2. Lovely, and I think I’ve never seen a picture of a banana trunk section in my life. That does give me quilt ideas, I think…

    • katechiconi says:

      It’s interesting, isn’t it? All those little cells full of water, which runs down the trunk in streams when you cut it. Even a day later, the sections of trunk were much lighter, having leaked a lot of their contents back into the soil.

  3. I know I’m impressed.
    I once had a husband who occasionally urinated in the ficus I had growing in pots on the patio. He swore it would help them grow, but I always knew it was an act of passive-aggression directed at me.

  4. Wow so that is a banana tree trunk!

  5. EllaDee says:

    I’ve been explaining to the G.O. I’ll be needing his help with the garden tea & targeted mulch/compost 😉

  6. tialys says:

    I thought it was a snake! Must get some glasses.

  7. claire93 says:

    gosh the segment of banana trunk is beautiful – and it’s wonderful to think that you’ll be recycling all that goodness back into the soil. Mind you, are you sure you should be lugging heavy things around? I did my back in last weekend cutting and burning our boxwood, and have been out of action since.

  8. Sounds like time well spent – has energised me to go and do some composty things. Not sure what – may need a cup of tea first, then I can compost the bag.

  9. No snakes in your compost? Don’t be too sure! We’ve finally started composting. Our house backs up to trees, so almost all the yard waste has just gone back there to decompose on its own. But we haven’t had a system for produce trimmings before now. We’ll see how it goes.

  10. katechiconi says:

    It hasn’t heated up enough yet to be attractive to snakes, and in any case is pretty close to the house and closely monitored by the birds, so I’ll get some advance warning from them – the magpies and butcher birds will set up a fuss if a snake is spotted. I need to set up a compost trench as well. Once that’s up and running, I can plant banana trees in it – they love a nice compost heap.

  11. Kate, you have turned making compost from a science into an art form! I’m looking forward to seeing the phenomenal growth which will surely appear in the fullness of time.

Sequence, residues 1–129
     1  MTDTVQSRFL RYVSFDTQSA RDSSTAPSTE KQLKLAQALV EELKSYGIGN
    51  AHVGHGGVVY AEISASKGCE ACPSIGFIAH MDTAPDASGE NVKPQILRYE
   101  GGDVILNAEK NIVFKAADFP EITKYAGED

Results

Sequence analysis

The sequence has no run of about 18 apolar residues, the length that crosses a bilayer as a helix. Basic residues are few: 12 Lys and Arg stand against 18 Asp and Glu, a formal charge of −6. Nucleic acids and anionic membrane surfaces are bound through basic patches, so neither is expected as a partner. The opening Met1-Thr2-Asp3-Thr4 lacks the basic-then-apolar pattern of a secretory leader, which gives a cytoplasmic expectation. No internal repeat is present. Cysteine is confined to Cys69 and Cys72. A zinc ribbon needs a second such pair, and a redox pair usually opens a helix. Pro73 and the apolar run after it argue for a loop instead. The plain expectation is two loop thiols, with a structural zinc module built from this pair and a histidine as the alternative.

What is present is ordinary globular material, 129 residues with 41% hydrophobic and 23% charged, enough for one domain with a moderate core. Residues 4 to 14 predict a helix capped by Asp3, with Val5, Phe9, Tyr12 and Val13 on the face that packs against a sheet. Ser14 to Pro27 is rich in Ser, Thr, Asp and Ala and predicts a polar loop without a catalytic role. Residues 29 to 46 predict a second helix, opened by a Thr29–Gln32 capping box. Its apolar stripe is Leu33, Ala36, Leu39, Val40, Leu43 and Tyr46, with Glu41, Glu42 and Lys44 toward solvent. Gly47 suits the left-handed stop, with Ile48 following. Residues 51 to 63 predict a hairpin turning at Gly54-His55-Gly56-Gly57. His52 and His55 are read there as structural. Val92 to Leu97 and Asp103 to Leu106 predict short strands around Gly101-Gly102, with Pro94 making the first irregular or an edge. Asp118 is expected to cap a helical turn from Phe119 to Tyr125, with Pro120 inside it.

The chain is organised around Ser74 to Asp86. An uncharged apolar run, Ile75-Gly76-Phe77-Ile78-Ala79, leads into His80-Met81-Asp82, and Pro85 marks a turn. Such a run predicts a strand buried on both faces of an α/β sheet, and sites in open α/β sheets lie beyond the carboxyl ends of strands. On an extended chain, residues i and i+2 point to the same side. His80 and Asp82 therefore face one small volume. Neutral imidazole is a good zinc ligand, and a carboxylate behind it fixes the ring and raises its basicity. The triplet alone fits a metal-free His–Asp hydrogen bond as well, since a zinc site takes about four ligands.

• katechiconi says:

      The fullness of time might take a while, but I’m not in a hurry. And it gives me a convenient dumping ground for all the soft green stuff I have to get rid of, not to mention somewhere to put the kitchen scraps till the chooks arrive. Also major brownie points with the Dowager, I might add, not to be sniffed at!

  12. The Belmont Rooster says:

    Great post! When I saw the first photo, it looked like a snake coiled up.

  13. Grannymar says:

    When I saw the cross sections of banana trunk, I thought it was a a completed Needle Art project. Nature gives great inspiration from rust, & peeling paint right throught to the banana trunk or skeletal leaves.

    • katechiconi says:

      You’re absolutely right. It was the patterns I saw in the cut trunks that gave rise to the whole post – the photos were too interesting not to share.

  14. dayphoto says:

    I loved the cross sections of the banana Trunk…I thought you were making something then realized it was a plant!


    • katechiconi says:

      It does look like some elaborate piece of embroidery or textile design, doesn’t it? Nature is full of inspiration, and I had to capture these images before the trunks rotted away. You never know, one day I might produce a ‘banana trunk’ quilt.

  15. […] Source: The Gardens of Chiconia 36: Going bananas about compost | talltalesfromchiconia […]

  16. Kirsten says:

    I thought the first picture was of a strange snake skin initially . . .

  17. I don’t just want to ‘like’ this post, I want to ‘love’ it… lots!